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Our Service

Top Bananas Day Nursery and Pre-School aims to:

  • provide high quality care and education for children;

  • work in partnership with parents to help children to learn and develop;

  • add to the life and well-being of the local community; and

  • offer children and their parents a service that promotes equality and values diversity.

Children's Development and Learning:

We aim to ensure that each child:

  • is in a safe and stimulating environment;

  • is given generous care and attention, because of our ratio of qualified staff to children, as well as volunteer helpers;

  • has the chance to join in with other children and adults to play, learn and grow together;

  • is helped to take forward her/his learning and development by being helped to build on what she/he already knows and can do;

  • has a key person who makes sure each child makes satisfying progress;

  • is in a setting that sees parents as partners in helping each child to learn and develop; and

  • is in a setting in which parents help to shape the service it offers.

Our approach to learning and development and assessment is:

 Learning through play

The Early Years Foundation Stage:

Provision for the development and learning of children from birth to 5 years is guided by the Early Years Foundation Stage. Our provision reflects the four principles of the Statutory Framework for the Early Years Foundation Stage:


  • A Unique Child

Every child is a unique child who is constantly learning and can be resilient, capable, confident and self-assured.

  • Positive Relationships

Children learn to be strong and independent through positive relationships.

  • Enabling Environments

Children learn and develop well in enabling environments, in which their experiences respond to their individual needs and there is a strong partnership between practitioners, parents and carers.

  • Learning and Development

Children develop and learn in different ways and at different rates. The framework covers the education and care of all children in Early Years provision including children with special educational needs and disabilities.

The Early Years Outcomes guidance sets out the likely stages of progress a child makes along their progress towards the Early Learning Goals. Our setting has regard to these when we assess children and plan for their learning. Our programme supports children to develop the knowledge, skills and understanding they need for:

Prime Areas

Personal, Social and

Emotional Development

  • making relationships

  • self-confidence and self-awareness

  • managing feelings and behaviour



  • moving and handling

  • health and self-care

Communication and


  • listening and attention

  • understanding

  • speaking

Specific Areas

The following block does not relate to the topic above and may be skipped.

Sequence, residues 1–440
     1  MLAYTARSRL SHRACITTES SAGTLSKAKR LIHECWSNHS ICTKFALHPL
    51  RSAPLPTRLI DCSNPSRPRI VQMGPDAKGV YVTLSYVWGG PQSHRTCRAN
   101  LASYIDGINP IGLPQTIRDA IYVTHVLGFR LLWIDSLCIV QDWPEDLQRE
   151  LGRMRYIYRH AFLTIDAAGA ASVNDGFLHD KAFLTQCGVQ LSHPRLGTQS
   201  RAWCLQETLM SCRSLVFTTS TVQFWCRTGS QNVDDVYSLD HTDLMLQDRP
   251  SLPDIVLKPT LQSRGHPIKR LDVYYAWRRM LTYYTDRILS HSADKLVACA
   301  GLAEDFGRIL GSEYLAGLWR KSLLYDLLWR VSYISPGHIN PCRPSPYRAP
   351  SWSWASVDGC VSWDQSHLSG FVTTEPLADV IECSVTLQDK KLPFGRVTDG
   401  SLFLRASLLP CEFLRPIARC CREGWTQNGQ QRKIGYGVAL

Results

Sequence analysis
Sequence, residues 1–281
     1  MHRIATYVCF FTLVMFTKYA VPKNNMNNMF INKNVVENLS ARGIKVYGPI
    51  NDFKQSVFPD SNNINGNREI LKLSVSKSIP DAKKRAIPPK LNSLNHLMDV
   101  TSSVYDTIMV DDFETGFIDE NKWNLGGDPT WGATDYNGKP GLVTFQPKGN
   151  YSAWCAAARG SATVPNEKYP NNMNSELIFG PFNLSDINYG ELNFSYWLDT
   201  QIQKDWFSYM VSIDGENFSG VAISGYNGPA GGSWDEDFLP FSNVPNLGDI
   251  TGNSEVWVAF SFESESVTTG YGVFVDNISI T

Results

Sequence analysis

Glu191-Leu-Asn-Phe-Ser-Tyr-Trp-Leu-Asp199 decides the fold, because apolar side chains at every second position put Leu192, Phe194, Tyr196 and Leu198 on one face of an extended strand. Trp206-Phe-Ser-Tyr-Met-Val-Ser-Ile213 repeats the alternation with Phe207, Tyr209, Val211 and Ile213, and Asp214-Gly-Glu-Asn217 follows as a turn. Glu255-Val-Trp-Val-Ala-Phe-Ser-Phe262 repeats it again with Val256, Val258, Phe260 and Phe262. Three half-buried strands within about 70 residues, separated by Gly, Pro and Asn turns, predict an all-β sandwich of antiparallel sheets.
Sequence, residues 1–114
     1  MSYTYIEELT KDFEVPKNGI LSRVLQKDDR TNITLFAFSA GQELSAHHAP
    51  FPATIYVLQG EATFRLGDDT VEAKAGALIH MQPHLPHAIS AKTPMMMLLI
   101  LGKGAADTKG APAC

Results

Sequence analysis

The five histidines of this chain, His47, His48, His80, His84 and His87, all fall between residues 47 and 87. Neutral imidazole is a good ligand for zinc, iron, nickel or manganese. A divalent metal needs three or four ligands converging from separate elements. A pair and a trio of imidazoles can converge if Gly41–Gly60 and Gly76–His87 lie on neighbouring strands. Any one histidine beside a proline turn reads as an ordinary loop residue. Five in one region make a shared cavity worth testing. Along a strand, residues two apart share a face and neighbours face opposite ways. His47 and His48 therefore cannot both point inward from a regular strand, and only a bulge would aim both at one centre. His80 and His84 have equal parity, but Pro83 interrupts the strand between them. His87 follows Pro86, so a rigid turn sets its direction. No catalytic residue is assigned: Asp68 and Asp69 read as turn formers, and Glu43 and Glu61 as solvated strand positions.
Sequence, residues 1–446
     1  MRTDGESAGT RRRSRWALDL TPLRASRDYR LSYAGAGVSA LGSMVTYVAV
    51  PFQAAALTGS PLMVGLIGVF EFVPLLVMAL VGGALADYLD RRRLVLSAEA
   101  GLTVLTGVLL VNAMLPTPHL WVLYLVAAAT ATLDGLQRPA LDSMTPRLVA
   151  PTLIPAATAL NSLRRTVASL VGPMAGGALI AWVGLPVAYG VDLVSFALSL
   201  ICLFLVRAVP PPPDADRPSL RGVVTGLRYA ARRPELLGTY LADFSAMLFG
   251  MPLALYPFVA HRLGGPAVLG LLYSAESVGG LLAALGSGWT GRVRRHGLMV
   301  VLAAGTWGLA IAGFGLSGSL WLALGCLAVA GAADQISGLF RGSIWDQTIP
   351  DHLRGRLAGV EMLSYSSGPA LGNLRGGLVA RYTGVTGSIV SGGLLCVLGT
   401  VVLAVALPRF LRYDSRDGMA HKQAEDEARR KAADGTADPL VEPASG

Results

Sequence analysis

• reading

  • writing


  • numbers

  • shape, space and measure.

Understanding the World

  • people and communities

  • the world

  • technology

Expressive Arts and Design

  • exploring and using media and materials; and

  • being imaginative.

Characteristics of Effective Learning


We understand that all children engage with other people and their environment through the characteristics of effective learning that are described in the Early Years Foundation Stage as:

  • playing and exploring - engagement;

  • active learning - motivation; and

  • creating and thinking critically - thinking.

For the children under two we focus on the three prime areas of the Early Foundation Stage Curriculum and with the Characteristics of Effective Learning we focus on Playing and Exploring- engagement. We also look at their different ways of learning which may link to a schema. By knowing about schemas we can recognise and support children’s urges and development.



Do you find yourself Positioning things neatly into alignment on your desk, ordering the books on the self, getting creative when you plate the dinner or even just tidying-up.  Perhaps you see your child lining up their cars, making sure the whale is next to the cow, or turning all the cups upside down? 
The Positioning is a schema that is kept alive in us all.


The urge to throw, drop and other actions that are all part of the Trajectory schema.  Some other Trajectory actions are things like climbing up and jumping off (Trajectory of ones own body), putting your hand under running water (interacting with things that are already moving) and the classic, throwing and dropping (making it happen).  It can be diagonal, vertical or horizontal... this is a multi-dimensional urge, after all learning is based on movement in the first years of life.

Enclosure / Container

The urge to fill up cups with water, climb into cardboard boxes or kitchen draws, build fences for the animals or to put all the animals inside the circular train track, it is the Enclosure/Container schema



Transporting can be the urge to carry many things on your hands at one time, in jars, in buckets and baskets, or even better containers with wheels.


To have a sheet over your head, wrapping things in fabrics or with tape and paper - all actions seen in the Enveloping schema. An extension of this is peek-a-boo, now you see it now you don't, a concept that just keeps on amusing.


Anything that goes around anything that is circular - wheels, turning lids, watching the washing machine on spin cycle, drawing circles, spinning around on the spot, being swung around. These are all experiences of the Rotation schema.


The urge to Transform can come in many forms; holding all your food in your mouth for a long time to see what it turns into, mixing your juice with your fish pie, water with dirt, or helping Granny with mixing the bread dough. It's only natural that once you have explored and learnt about a raw material you should want to do further testing... there is a scientist and a chef in everyone.

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